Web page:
|Distribution:||Open forests and woodlands of central and south eastern New South Wales with an outlying population on the north coast near Kempsey.|
|Common Name:||Swamp Banksia|
|Derivation of Name:||Banksia...after Sir Joseph Banks.
paludosa...from Latin paludosus; marshy, referring to the habitat of some species.
|Conservation Status:||Not considered to be at risk in the wild at the species level.|
B.paludosa is a small to medium shrub and can be found in sizes ranging from prostrate to 4 metres in height. The leaves are elliptical in shape, deep green on top and silvery below. The flowers occur in narrow spikes which are typically about 100mm long, 70mm wide and pale yellow in colour. The seeds are enclosed in follicles attached to a woody cone and are generally retained within the cone until burnt.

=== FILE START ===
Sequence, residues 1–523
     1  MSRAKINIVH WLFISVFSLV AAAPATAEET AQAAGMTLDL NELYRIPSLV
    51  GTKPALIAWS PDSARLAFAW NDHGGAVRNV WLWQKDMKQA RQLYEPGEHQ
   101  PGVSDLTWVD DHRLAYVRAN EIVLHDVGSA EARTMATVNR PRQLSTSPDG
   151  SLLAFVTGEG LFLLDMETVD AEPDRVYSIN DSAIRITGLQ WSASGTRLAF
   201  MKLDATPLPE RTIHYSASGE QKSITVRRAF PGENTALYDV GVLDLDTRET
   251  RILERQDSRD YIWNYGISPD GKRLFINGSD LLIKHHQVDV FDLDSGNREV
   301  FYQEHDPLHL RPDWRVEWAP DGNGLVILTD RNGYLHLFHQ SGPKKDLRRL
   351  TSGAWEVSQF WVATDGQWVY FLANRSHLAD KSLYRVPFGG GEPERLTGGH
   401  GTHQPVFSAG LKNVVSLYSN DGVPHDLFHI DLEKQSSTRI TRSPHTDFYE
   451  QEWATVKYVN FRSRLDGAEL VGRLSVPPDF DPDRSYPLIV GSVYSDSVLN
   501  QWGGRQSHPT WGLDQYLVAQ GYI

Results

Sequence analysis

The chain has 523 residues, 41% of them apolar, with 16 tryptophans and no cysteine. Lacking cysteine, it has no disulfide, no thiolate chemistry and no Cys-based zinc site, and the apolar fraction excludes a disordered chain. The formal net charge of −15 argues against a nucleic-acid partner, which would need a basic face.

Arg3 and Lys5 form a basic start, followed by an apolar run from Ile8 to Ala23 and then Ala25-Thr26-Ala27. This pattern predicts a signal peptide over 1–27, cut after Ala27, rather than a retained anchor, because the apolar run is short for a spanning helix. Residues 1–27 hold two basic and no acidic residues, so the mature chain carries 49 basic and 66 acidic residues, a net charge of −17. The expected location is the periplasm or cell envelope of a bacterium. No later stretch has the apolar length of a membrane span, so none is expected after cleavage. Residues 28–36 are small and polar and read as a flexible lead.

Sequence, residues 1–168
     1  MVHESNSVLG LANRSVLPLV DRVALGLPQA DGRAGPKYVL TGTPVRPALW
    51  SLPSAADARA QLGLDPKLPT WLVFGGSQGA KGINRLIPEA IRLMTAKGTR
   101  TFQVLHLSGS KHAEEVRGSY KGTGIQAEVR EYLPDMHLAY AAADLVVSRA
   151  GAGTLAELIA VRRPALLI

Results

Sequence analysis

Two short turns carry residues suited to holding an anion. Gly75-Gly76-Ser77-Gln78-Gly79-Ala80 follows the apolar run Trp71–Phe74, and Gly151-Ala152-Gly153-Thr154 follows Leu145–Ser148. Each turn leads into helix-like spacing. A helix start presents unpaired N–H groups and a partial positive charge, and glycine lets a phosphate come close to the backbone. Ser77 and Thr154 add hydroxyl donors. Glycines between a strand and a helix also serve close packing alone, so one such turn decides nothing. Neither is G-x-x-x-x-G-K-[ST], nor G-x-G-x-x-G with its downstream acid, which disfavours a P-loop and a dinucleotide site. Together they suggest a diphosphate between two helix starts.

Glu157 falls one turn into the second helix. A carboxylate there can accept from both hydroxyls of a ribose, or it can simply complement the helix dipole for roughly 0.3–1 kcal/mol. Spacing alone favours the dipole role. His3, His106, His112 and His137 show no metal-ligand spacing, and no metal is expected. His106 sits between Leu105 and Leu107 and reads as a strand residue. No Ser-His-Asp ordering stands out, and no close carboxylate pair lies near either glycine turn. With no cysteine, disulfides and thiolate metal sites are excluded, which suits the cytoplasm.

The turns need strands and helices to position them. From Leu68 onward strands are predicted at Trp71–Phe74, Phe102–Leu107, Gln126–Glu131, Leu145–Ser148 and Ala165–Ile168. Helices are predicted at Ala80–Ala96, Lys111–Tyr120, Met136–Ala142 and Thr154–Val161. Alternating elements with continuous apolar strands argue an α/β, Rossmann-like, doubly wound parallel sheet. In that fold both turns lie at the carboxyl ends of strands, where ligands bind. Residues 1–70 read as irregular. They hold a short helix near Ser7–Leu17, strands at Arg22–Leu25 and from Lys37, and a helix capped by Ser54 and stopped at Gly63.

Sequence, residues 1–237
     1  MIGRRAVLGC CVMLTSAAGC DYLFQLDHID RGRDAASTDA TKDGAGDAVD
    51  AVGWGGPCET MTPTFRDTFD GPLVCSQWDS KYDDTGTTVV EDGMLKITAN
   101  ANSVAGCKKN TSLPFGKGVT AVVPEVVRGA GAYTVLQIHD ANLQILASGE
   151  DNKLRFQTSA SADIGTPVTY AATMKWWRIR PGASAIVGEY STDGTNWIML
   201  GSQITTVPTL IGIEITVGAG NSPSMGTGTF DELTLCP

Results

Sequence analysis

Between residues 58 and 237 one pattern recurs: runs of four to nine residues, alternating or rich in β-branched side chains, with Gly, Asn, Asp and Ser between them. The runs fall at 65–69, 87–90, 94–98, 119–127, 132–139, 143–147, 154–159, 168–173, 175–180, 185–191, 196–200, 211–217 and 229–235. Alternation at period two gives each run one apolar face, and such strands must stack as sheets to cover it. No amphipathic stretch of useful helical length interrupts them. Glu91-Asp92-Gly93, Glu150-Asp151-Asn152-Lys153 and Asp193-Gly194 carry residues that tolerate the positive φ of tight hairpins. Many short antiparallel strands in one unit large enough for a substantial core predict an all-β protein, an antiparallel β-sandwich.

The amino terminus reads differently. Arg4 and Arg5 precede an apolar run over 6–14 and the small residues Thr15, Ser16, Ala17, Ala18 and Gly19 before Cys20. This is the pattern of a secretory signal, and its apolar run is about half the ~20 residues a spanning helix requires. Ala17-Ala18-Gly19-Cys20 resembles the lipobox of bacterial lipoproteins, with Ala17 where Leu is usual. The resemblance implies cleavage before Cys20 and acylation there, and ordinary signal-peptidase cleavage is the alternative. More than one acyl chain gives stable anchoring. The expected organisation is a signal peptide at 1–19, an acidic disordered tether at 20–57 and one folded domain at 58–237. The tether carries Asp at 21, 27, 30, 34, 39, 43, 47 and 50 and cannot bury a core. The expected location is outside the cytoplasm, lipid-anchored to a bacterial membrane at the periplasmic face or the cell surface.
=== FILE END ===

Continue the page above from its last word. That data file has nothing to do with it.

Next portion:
|Top: Banksia paludosa sunsp. paludosa in bud. Bottom: Banksia paludosa subsp. astrolux
Photos: Brian Walters
Two subspecies of B.paludosa are known: subsp.paludosa and subsp.astrolux. The main difference between the varieties is the lack of a lignotuber in subsp.astrolux. That variety may also be taller growing. Subsp.astrolux is confined to a small area near the Nattai River in the southern highlands of New South Wales.
Despite its common name few populations of B.paludosa occur in swampy areas. They are not demanding in regard to soil types but waterlogged ground should be avoided. B.paludosa has proven to be reliable in a wide range of climates and garden conditions and is best in full sun or dappled shade. Some low growing forms are becoming available and these form a very attractive garden plant with well displayed flowers. The adaptability of B.paludosa subsp.astrolux to cultivation is not known at this stage.
Propagation from seed or cuttings is relatively easy.
A similar species is B.oblongifolia which is found in eastern New South Wales and southern Queensland.